The first 12 weeks felt like forever, despite being preoccupied with house renovations and decorating. Finally, we were sat in the hospital waiting for our first scan and I remember the butterflies in my tummy. What if I wasn’t pregnant after all? What if something was wrong? What if it had somehow disappeared? But within seconds of that machine probe touching the gel on my belly, little bean appeared on the screen wriggling away. Its arms were up in the air and it was kicking its legs around. It was so strange to see, because I felt absolutely nothing inside.
During the scan, the sonographer told me that I had an anterior placenta – this meant that my placenta was covering the whole front of my belly so it might take me a little longer to feel those kicks. We took our scan photographs home and decided to call around and tell the rest of the family. There was something about this that made me feel really uncomfortable. I could quite happily have kept it a secret forever because as soon as everyone knew, I just felt this massive amount of pressure and it was unnerving.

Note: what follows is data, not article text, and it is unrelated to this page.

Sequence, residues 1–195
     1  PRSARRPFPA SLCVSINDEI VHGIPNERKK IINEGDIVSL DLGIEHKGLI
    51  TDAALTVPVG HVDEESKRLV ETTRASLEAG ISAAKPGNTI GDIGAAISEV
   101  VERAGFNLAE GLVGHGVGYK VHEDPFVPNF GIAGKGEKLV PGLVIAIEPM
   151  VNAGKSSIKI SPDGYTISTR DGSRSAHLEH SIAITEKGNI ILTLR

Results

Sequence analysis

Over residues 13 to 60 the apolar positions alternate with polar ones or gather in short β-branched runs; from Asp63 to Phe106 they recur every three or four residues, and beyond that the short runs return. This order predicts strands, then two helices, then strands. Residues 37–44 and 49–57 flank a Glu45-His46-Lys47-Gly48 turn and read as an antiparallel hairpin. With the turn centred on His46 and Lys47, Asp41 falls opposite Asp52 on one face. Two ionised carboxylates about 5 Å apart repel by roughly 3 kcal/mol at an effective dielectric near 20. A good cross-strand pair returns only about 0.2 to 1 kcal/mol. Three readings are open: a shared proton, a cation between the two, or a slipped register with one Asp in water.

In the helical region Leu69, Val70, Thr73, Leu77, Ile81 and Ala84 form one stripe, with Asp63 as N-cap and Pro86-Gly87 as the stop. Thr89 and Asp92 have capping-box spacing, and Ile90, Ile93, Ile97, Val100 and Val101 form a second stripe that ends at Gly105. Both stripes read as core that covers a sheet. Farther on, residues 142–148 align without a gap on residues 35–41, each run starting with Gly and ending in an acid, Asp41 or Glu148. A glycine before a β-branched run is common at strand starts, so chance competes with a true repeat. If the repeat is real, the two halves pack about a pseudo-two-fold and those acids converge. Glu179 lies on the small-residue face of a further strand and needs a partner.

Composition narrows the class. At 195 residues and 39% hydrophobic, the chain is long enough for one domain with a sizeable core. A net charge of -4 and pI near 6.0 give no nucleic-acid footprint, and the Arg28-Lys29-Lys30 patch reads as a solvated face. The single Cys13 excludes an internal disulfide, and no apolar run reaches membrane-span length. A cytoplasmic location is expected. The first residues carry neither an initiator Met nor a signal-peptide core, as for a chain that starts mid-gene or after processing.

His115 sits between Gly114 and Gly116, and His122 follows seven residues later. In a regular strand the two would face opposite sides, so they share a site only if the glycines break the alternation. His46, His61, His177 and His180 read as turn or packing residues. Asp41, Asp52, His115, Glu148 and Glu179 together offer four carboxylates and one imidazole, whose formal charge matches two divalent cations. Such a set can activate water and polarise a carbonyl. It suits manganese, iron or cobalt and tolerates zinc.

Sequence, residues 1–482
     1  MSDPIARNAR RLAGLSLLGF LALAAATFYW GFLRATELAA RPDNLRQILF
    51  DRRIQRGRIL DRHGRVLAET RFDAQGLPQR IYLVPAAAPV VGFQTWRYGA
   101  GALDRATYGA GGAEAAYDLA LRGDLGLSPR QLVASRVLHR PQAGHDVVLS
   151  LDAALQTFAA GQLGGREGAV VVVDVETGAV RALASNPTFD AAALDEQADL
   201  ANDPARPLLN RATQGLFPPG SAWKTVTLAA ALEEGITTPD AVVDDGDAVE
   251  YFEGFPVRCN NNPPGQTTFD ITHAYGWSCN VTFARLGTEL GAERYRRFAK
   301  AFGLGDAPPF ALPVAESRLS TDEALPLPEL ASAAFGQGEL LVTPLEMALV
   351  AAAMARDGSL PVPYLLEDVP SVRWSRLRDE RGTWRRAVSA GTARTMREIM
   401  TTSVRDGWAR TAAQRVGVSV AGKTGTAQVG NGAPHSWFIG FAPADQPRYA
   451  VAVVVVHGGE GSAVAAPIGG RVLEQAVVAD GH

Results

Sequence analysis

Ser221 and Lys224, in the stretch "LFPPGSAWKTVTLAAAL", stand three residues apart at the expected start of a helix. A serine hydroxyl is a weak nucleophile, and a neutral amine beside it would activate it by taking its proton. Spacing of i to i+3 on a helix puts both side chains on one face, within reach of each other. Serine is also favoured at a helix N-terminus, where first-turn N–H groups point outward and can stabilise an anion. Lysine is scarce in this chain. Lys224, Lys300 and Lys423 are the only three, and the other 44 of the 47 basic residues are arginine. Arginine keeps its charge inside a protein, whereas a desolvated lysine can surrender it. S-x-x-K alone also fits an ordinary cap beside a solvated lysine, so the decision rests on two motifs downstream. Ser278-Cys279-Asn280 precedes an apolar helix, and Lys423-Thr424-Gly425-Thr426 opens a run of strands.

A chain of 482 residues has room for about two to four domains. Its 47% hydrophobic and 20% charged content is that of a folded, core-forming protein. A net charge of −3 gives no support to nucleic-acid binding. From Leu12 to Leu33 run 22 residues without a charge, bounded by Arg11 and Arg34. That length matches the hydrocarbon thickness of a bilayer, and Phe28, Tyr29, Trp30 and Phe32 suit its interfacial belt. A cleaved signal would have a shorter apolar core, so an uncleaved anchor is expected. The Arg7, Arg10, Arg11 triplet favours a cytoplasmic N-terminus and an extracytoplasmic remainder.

I’d seen so many people reveal their pregnancies on social media, but that just wasn’t for me. For some reason I didn’t want to bring any more attention to this pregnancy than what was needed. After everything in my life, I sometimes find it difficult to be excited, because unfortunately I know things can be taken away from you so quickly. I ignored people who constantly text me about baby showers and baby names and had to ask others to appreciate that I didn’t want a fuss. I almost felt sorry for myself that I wasn’t enjoying this like others had, but I wanted that baby safe in my arms first. There wasn’t a single reason why there could be a problem, but I didn’t want to get my hopes up for it all to come crashing down on me.
Because of my lack of bump, I felt like such a fraud shopping for anything baby related. We’d made the decision that we wouldn’t buy much until after the 20 week scan because we felt like we were jinxing it buying anything before. I suppose I’m really cynical but it doesn’t half piss me off when people refer to this as the ‘gender scan’. It is not a gender scan, it is a scan that checks everything is okay with your baby. Working in HR, I have unfortunately come across several women who attended this scan to find out something was wrong, so naturally this was a huge milestone for us.